Finding your new UK home

The process of looking for a house, I am embarrassed to admit, began about three and a half years ago. My husband and I  started browsing property sites looking at what we could get with the money we thought we would have.  It became a hobby, what we did in the evenings. We began to call it ‘property porn’ because it felt somehow a bit dirty, a bit wrong because it had no purpose, it was pure imagination, speculation, a waste of valuable time, and why weren’t we enjoying each other’s company or even the place we were actually living in. Lying on the bed with your husband staring at Rightmove.co.uk is not the most romantic way to spend an evening but it was sometimes quite fun!

We would have ‘a quickie’ most nights, and this would end up being for an hour, sometimes more.  My husband always justified it that we needed to understand the market and what we both wanted. But it wasn’t necessary until we knew we were moving, and then we were looking every day without fail. It would often be a look after one of our series had ended, a calm-down after an exciting ‘Game of Thrones’ or ‘House of Cards’ episode.

We would look at what we could get all over the country: fantastic stone mansions in Stroud (how I loved these), leafy houses in Hazelmere, farms in Suffolk.  My husband would always go for a town period house, a grand Georgian with high ceilings, I would always go for a period property in the countryside, surrounded by green rolling hills and beautiful flowerbeds! We did learn about what styles we liked.

When it came to the possibility of really moving, an actual opportunity of a transfer I jumped at it. And the search began in earnest. I quickly had to forget about the beautiful houses in Stroud with the forever views, it was back to holding the leash with the collar firmly around London’s mighty pulsating neck.

Our criteria:

  1. The commute from work, door to potential door. We had become used to my husband’s commute being twenty-five minutes, but now we would be looking at an hour’s commute in the hope that he would still see the children before they went to sleep. We looked at commutes out of London on websites and looked at villages surrounding these main towns.
  2. I wanted to be within an hour to two hours’ drive of my family.
  3. Good schools. This is a huge decision. Would we be able to afford the independent sector or go with the state? We began this process 18 months in advance of the new school year they’d be starting in and wondered whether this was already too late.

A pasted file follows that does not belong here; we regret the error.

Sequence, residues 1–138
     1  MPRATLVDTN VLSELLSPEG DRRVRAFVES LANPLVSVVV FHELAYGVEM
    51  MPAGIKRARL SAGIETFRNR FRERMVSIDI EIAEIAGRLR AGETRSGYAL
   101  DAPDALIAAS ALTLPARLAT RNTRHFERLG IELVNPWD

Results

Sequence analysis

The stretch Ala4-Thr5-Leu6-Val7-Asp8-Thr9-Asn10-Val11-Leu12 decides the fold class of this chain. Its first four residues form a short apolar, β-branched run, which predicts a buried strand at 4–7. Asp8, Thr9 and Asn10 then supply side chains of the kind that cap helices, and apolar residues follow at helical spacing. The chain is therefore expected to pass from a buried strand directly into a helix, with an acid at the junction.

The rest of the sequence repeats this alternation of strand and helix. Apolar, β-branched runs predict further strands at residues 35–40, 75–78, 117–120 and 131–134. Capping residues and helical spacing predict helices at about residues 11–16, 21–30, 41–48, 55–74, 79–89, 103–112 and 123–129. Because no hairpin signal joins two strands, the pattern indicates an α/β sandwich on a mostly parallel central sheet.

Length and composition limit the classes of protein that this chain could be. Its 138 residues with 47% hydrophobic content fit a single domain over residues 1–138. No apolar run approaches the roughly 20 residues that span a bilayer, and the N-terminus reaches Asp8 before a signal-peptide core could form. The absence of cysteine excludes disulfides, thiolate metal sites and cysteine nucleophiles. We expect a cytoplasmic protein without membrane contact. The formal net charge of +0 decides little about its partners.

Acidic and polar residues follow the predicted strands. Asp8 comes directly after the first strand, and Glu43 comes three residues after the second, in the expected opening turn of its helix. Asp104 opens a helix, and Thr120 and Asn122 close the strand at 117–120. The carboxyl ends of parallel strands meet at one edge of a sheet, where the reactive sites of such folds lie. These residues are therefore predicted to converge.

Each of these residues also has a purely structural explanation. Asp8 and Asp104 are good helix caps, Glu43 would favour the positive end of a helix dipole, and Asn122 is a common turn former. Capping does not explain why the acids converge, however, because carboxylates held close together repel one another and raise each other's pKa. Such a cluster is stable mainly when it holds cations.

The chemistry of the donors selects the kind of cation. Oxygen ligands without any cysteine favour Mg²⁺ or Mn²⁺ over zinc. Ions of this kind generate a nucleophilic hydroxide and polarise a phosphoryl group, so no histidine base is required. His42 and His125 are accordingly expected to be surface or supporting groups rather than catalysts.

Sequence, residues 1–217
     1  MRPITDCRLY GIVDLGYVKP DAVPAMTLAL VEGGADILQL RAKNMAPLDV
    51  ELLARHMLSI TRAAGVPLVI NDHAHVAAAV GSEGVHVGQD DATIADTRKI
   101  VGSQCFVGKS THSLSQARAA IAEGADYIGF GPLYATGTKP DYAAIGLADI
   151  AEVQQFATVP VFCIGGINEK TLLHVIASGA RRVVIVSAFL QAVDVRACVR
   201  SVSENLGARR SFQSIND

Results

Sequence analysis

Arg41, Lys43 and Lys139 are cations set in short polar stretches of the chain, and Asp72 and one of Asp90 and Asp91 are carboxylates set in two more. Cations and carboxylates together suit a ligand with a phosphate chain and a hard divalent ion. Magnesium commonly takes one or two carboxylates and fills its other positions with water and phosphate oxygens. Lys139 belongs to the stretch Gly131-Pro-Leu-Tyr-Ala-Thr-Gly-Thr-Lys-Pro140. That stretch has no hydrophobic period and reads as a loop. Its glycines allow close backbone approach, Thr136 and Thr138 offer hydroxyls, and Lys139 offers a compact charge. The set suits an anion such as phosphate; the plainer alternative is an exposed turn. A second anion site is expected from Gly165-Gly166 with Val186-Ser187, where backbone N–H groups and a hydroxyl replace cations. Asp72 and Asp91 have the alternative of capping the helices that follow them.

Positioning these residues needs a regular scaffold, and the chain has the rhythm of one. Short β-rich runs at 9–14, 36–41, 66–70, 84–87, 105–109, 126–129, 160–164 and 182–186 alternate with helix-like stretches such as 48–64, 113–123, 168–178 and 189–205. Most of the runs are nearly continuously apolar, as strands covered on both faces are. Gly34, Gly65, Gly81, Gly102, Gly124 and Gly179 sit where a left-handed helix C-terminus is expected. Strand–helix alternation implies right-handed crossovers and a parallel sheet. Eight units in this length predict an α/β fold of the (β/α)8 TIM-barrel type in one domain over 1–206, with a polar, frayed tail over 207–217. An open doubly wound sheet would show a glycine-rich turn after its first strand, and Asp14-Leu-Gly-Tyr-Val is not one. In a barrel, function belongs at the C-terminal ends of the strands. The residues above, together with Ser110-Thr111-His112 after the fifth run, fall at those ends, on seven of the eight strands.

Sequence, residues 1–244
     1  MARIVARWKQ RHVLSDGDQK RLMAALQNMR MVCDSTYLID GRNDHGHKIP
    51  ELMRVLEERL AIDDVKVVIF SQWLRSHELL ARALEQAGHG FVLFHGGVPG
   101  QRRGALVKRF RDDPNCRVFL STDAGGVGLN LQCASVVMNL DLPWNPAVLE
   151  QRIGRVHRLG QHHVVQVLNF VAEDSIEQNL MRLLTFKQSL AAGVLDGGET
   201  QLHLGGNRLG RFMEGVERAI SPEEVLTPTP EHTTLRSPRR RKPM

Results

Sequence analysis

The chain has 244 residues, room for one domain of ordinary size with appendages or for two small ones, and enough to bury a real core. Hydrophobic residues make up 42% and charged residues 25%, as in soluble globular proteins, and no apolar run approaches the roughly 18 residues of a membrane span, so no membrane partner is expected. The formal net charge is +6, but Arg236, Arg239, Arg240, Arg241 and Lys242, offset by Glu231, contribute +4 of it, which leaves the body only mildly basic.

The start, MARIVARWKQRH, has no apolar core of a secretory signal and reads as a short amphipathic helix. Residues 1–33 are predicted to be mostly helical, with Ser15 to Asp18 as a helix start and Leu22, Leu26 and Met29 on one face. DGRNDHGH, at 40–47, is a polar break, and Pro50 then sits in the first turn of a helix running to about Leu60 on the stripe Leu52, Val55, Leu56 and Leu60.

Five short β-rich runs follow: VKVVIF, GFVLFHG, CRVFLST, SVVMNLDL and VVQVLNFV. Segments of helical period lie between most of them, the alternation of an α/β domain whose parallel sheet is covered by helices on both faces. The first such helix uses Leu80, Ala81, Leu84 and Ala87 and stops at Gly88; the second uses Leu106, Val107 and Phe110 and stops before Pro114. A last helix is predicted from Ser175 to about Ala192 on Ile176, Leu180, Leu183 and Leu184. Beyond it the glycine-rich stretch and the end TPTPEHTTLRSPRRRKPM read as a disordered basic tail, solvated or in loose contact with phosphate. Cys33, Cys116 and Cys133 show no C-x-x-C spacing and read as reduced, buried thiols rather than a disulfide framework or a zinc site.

4. After living in nature for so long it was important to me to have access to beautiful countryside
  5. My husband wanted to be able to go shopping to a reasonable sized town easily, preferably with a toy shop and cinema.

When I think though of just how long we have been looking at Rightmove when we found the area we were looking at, the school our children would go to, it was every day, every night, sometimes twice a day, instant phone calls ‘Have you seen the property in … for …?’, I can easily see it mounting to five hundred hours over the last three years.

My husband always looked at the square footage and I at distance to the school and garden, priorities were quickly established. I drew up a table with these priorities and the houses we had shortlisted.  We arranged a trip to the UK for a fortnight in March and viewed them all. My Mum looked after the children (don’t go with them!) and we stayed in a beautiful hotel (treat it as a naughty weekend away). After an interesting three days exploring houses and areas, we found a house we both liked. It wasn’t a period property but it had a beautiful garden, a view of fields, and was very light.  It was just over an hour to my husband’s work door to door and a ten minute journey (by car) to school.

It’s never easy to buy a house but we were very fortunate to sell our London house at the right time in order to buy this one, lucky to get a mortgage in time (it was surprisingly difficult) and for it all to go through. My husband will disagree and say it was stressful and there were times when we thought it would all collapse, but on the whole the process was fairly smooth.

We are now happily living in this house.

Maybe all that property porn was worth it?

Key Points for the Search for the Perfect House:

a)      When looking at the possibilities of moving, work out how much time you want to give to browsing. Think about what your objectives are to prevent it spiralling into every night.

b)      Work out your top five big picture priorities as a family as to what area you want to move to (commute, school, family etc).

c)      If you are looking at independent schools, ring up schools immediately and find out about places for your children in the relevant cohort.

d)      Establish the geographical area/areas you are looking at, print a map out so you get to know the roads and towns/villages around – you will be looking at it a lot.

e)      Work our your top five house priorities. Start looking at houses. Identify your favourites, look every day to get to know the market. Try and establish a relationship with estate agents so they know what you want and can let you know immediately if something new comes on.

f)       Arrange your trip back to the U.K with your schedule for house viewings.

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